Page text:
Shed start: Tips for creating your own garden office
- Credit: please credit Cuprinol as the of
The coronavirus means working from home is the new norm for many of us – but lack of space can be an issue. St Albans-based shed specialist Alex Johnson has a solution, however – the garden office...
The world of work has changed almost overnight. For the last 15 years via my website Shedworking I’ve been encouraging people to consider working from home in garden offices and seen a steady increase in interest suddenly turn into a mighty flood this week as people look for a new office location.
A garden office offers a decent solution. Right from the start of the day it offers you the same kind of ceremony as your normal commute (only happily it’s just a 30 second one). This is important as that brief walk down to the end of your garden marks a clear psychological difference between where you work and where you live. You feel like you’ve ‘gone to work’ rather than merely sat up in bed and wedged your laptop onto a pillow.
Having an office in the garden also means that you don’t need to cover your kitchen table with papers or turn your dining room or spare room into a makeshift office. Those spaces continue to be used for what they’re intended.
The other problem with working in the house is the other people. If your laptop and papers are in the garden office then the chances of small children spilling orange juice on them are much lower - of course, you still need to have somebody looking after them in the house, but if there are two of you at home you could try working on a shift system.
You may also want to watch:
If you’re quite DIY handy, you can have a go at building a garden office yourself, but the most common choice is to buy an off-the-peg model from one of the many professional specialist suppliers (though some do supply kits). So what should you consider when shopping around?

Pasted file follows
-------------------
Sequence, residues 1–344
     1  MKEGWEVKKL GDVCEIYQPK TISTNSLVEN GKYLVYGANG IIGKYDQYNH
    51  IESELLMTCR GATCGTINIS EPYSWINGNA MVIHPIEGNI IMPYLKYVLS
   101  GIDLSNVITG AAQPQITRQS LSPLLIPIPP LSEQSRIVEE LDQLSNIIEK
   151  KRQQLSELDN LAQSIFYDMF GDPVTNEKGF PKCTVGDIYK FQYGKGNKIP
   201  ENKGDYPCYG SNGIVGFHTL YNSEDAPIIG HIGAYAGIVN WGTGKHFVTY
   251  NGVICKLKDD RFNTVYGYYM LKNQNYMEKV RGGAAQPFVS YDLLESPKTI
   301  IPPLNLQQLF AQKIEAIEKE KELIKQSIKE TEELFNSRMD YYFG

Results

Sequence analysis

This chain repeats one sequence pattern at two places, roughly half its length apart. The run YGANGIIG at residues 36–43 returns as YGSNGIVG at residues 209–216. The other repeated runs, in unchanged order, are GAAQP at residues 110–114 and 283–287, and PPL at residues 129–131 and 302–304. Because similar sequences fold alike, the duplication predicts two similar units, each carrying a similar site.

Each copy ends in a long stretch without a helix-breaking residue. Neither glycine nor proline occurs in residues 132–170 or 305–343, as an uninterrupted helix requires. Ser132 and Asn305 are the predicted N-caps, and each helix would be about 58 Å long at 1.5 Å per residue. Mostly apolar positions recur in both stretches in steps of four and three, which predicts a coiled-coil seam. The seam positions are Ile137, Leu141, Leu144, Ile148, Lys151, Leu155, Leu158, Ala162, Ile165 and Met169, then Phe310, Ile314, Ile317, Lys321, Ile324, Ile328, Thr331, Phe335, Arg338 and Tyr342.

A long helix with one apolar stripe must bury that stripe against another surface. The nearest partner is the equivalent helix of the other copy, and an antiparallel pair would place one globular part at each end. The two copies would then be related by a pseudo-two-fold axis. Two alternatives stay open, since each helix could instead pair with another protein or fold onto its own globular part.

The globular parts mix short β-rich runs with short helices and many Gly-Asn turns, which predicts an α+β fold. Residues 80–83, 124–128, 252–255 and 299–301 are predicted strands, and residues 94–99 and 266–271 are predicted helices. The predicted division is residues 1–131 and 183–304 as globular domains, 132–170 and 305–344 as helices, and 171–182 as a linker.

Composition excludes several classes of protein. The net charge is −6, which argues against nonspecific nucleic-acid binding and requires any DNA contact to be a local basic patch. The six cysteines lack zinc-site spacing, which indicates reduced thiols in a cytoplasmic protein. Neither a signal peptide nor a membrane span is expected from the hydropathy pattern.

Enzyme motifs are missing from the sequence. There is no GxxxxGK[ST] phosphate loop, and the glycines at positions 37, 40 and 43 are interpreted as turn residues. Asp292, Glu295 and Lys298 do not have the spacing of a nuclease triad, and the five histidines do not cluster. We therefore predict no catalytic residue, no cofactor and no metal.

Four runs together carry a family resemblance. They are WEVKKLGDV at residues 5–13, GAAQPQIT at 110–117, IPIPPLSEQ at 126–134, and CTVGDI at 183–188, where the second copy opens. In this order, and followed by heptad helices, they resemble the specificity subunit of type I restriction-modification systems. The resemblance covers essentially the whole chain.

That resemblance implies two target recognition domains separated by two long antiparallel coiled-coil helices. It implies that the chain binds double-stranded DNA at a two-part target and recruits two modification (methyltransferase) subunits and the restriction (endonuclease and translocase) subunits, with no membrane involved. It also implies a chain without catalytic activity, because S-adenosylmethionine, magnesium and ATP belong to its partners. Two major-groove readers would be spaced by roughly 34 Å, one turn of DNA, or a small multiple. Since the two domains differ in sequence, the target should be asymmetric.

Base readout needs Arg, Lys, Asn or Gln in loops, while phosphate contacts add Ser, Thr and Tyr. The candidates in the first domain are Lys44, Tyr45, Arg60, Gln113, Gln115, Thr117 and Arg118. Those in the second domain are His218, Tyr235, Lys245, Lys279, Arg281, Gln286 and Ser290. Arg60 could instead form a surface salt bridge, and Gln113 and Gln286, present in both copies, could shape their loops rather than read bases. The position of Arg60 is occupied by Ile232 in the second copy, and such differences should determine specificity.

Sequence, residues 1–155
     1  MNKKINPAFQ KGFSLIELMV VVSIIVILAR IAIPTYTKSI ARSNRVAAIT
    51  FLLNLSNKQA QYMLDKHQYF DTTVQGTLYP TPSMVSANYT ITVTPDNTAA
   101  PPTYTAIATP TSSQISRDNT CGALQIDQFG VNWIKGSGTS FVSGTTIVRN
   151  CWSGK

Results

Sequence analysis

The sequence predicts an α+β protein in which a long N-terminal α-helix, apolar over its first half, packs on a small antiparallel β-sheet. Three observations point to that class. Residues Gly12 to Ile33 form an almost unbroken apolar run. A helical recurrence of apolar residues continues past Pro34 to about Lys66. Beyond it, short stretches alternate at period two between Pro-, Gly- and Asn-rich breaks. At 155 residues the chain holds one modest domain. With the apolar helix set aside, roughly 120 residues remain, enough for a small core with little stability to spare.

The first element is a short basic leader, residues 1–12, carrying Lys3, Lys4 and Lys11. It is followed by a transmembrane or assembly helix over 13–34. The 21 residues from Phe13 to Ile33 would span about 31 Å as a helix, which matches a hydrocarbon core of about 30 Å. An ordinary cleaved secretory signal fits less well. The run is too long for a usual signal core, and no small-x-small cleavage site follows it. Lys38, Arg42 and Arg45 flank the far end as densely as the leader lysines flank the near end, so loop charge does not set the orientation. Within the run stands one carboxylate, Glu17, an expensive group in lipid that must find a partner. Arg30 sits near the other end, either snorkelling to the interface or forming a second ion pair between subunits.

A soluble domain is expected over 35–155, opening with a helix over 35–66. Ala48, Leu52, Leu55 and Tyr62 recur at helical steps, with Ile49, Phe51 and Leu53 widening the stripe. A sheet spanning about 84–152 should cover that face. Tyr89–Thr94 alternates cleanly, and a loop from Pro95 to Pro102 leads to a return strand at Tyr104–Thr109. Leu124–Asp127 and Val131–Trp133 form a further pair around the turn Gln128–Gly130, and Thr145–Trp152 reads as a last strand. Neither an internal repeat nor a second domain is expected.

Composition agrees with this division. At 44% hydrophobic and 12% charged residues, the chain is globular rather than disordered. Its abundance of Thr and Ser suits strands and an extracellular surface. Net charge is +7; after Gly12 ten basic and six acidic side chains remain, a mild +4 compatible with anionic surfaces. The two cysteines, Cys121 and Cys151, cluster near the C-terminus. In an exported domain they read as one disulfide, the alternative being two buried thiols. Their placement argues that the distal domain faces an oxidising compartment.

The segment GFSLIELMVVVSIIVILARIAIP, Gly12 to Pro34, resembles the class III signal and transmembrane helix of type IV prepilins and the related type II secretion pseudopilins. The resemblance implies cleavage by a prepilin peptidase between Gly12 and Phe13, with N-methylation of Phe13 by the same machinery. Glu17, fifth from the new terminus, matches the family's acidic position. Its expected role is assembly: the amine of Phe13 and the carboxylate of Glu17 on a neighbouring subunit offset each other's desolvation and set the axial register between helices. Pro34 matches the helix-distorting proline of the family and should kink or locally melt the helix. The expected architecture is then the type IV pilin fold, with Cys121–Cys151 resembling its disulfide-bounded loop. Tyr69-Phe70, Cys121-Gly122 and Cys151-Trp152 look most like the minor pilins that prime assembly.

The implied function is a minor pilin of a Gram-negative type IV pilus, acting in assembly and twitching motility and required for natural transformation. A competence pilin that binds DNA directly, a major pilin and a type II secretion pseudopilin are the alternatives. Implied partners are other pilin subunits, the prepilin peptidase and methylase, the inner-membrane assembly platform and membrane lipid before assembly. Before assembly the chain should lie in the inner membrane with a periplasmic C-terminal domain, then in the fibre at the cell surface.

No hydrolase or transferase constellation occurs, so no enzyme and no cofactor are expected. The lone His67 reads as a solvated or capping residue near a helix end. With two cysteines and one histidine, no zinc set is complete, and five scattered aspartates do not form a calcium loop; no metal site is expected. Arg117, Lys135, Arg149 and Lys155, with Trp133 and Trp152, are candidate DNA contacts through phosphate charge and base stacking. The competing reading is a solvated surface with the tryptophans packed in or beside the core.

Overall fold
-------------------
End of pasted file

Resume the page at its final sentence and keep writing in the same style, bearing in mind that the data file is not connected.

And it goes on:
In terms of price, a garden office is cheaper than an extension, conservatory, or loft conversion, but it’s not an insignificant sum. As a rough guide, look to spend at least £5,000 and realistically more like £10,000 (though the sky really is the limit if you want to splash out).
- 1 14 St Albans things that are gone but not forgotten
- 2 Is lockdown working in Herts? Here's what the latest data tells us
- 3 St Albans district has Herts' lowest COVID-19 infection rate
- 4 'We are determined to get on top of this, and we will': Inside St Albans' COVID vaccination centre
- 5 Thameslink teams up with community in Harpenden to support vaccine drive
- 6 Sandridge student takes on running challenge for Mind
- 7 'Nothing will take away what she has done to our daughter'
- 8 'Kick-ass' St Albans business campaigns for period pants tax removal
- 9 Area Guide: The Hertfordshire market town of Hitchin
- 10 'Heavy snow' expected across Hertfordshire from tomorrow
Suppliers can often help with finance packages but it’s worth taking a longer-term view as a decent garden office adds value to your property. There’s no hard data on exact figures, but estate agents estimate it can boost selling prices by at least 5 per cent, and at the very least sway a buyer into making a decision.
The choice is huge in terms of size (don’t worry if you have a very small garden, there are some amazingly clever compact designs out there), shape, price, and optional extras. Pick and mix from traditional sheddish-looking designs, sedum roofs, circular/spherical models, shepherds’ huts, off-grid solutions, mezzanine levels, solar panels, living walls, and outdoor showers. Timber is the most common building material but there are other options featuring maintenance-free products, and I’ve even seen some built from eco-friendly materials such as cob or straw bales.
There is a bewildering number of companies selling garden offices out there so take your time to research.
The following is a list of reputable operators: smartgardenoffices.co.uk, garden2office.co.uk, moderngardenoffices.co.uk, arcticcabins.co.uk, gardenaffairs.co.uk, boothsgardenstudios.co.uk, plankbridge.com, edengardenrooms.co.uk, tinyhouseuk.co.uk.
Size is a key consideration. This will depend on your individual needs but be careful not to get something too small as it’s easy to underestimate how quickly the space fills up once you have a desk, chair, bookshelves, and other equipment (I kept a cider press in my first garden office, though this is not mandatory). On the other hand, don’t go for anything too vast which will dominate your garden and in which you will rattle around.
Also think about planning permission and building regulations. This is a very thorny area and it’s vital to talk to local planning officers before you put down a deposit or go ahead with any build as authorities differ in their approach – considerations include height and distance from boundaries. For a straightforward garden office build you should be fine, but if you want to do anything noisy inside your building or want to construct something enormous, then be prepared to be disappointed.
A current pressing concern is of course the coronavirus. I’ve been speaking to garden office suppliers all week and many are now offering ‘virtual’ site visits.
For more details visit www.shedworking.co.uk